Weekend Reading: Parenting Your Boomerang Kids Edition

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Are your kids moving back home because of high debt, a tough job market or maybe they’re just not ready to break out on their own? It’s a situation many parents face. The ‘boomerang generation’, so called for returning home after only a brief time away, is a phenomenon that’s becoming more common than just a few decades ago.

Having a child boomerang back home can be difficult for parents to handle. You understand the challenges your adult children face and want to help, but you also have to think about your own future and the goals you have set for yourself.

How do you manage your own plans and goals while setting your boomerang kid up for success? Here are some insights:

  1. Help them develop a game plan – Help your kids stay on track by working with them to outline specific actions they can take to reach their goals.
  2. Teach good money management – Work with them to create a budget that includes savings goals, credit management and debt repayment.
  3. Guide their career search – When it comes to your child’s career search, internships and volunteer positions may not be their ideal, but can lead to full time opportunities. Encourage your child to join professional associations related to their chosen field and to get out there and start networking.

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This week’s recap:

On Monday I wrote about the battle between your present and future self.

On Wednesday Marie explained 5 myths about insurance.

And on Friday I looked back at some tough choices I made that led me down a new career path.

Over on Rewards Cards Canada I reviewed a new rewards credit card from BMO that pays 1.75% cash back on every purchase.

Weekend Reading:

Speaking of boomerang kids, this divorced 39-year-old moved back in with her parents to tackle her debt-load.

Meanwhile, a new study from the Fraser Institute says the concern about Canadian household debt levels is overblown.

Get Smarter About Money launched a new tool to help you create an Investment Policy Statement.

Something you might want to add to your IPS: Investing in IPO’s won’t help you get rich quick.

Portfolio manager Justin Bender explains how to calculate your portfolio’s rate of return.

Read why this Vanguard total stock market ETF is almost perfect.

Ellen Roseman shares how new disclosure rules will give mutual fund investors a clear look at the cost of advice.

Nelson Smith, author of the Financial Uproar blog, reached a milestone with his 1000th article and celebrated by sharing his top 10 posts of all time.

More than 1 million Canadians get their TV over the air. If you’re about to join them, there’s more to it than an antenna.

Stephen Weyman wrote an in-depth guide on how to erase your debt fast by lowering your interest rates.

Dan Wesley saved big on vehicle maintenance by switching mechanics.

And finally, if you’re heading south this winter now may be the best time to buy U.S. funds.

Have a great weekend, everyone!

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  1. Kurt on May 24, 2015 at 10:07 am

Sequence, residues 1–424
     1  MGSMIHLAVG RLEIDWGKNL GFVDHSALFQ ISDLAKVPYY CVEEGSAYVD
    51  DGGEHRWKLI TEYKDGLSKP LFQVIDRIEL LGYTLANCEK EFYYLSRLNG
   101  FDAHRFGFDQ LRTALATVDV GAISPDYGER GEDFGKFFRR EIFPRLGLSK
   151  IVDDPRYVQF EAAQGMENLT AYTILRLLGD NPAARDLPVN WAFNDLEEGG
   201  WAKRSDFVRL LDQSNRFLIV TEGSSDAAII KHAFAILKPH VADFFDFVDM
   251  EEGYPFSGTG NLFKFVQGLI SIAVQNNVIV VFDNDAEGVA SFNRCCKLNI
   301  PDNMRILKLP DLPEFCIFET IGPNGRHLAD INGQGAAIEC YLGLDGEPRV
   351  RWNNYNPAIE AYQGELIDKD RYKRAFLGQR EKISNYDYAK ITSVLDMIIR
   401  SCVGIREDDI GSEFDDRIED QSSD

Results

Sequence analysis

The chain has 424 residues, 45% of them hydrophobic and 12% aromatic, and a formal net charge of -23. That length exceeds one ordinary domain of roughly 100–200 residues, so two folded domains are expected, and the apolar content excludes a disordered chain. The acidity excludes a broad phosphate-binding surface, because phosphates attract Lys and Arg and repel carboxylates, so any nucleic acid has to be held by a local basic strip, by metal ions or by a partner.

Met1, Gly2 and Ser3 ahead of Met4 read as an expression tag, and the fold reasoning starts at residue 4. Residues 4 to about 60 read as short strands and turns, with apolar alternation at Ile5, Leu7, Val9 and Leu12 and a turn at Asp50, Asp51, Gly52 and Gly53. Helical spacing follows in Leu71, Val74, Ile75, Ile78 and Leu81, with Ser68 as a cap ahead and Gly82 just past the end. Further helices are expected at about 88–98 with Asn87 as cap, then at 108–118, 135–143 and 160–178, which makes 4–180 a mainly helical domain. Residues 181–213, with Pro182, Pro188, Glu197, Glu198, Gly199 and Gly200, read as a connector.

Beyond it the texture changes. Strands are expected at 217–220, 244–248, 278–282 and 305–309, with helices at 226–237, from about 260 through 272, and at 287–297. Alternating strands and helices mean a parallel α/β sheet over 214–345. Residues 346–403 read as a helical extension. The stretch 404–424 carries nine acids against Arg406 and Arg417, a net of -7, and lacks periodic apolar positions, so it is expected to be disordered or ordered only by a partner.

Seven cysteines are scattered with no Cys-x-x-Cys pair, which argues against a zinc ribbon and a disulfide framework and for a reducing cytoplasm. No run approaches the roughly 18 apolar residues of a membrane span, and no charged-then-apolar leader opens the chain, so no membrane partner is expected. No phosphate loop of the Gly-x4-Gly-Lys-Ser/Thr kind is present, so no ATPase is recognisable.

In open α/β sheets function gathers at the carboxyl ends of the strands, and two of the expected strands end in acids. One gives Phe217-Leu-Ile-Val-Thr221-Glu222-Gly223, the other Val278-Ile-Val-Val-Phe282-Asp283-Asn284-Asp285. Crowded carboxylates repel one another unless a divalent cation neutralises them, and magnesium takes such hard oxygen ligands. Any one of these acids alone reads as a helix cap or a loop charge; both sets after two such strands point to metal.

There’s no good excuse, other than maybe losing a leg, to go back home. You’re an adult now. Solve your own problems. Time to grow up. Stop relying on you’re parents to change your diaper. It’s embarrassing. The “Guide their career search” is stuff you should have told them when they left the first time…

    • Emma on May 24, 2015 at 4:25 pm

      I had a bad injury when I was starting my career, does that count? 😉 I’m incredibly grateful for my parents’ support when I was underemployed despite having done everything right (living frugally, graduating debt free into a career where there supposedly lots of jobs.)

      Yes, some people take advantage of the situation but that’s not the case with all boomerangs. Some of us genuinely needed some help and worked our butts off to not be a burden. We didn’t need other people’s criticisms — we felt pretty awful on our own.

      IMHO, there’s a difference between helping and enabling.

  2. Emma on May 24, 2015 at 4:51 pm

    IMHO, some of BMO’s advice is just further helicopter parenting. Having been through this, what worked for us was clear expectations. This is how long the arrangement is going to last, this is what you are expected to do to improve your financial situation, and this is what you are going to do as a member of this household (house work, yard work, errands, rent, bills, etc.)

    It’s not supposed to be easy and comfy.

  3. Kurt Pearson on May 24, 2015 at 7:58 pm

    Emma – Injury, clear expectations, etc… You pretty much summed up a good reason for getting help and a great use of that help. I’m not completely cold hearted, I just know that even on minimum wage you can survive. Sure you have to have multiple roommates, maybe you can’t afford cable or vacations, but that’s exactly what motivates people to work harder and further themselves. A lot of kids I see move home do it because it’s easy. That speaks volumes about your character, integrity, and ability to be a useful employee… Weak, none, and not at all…

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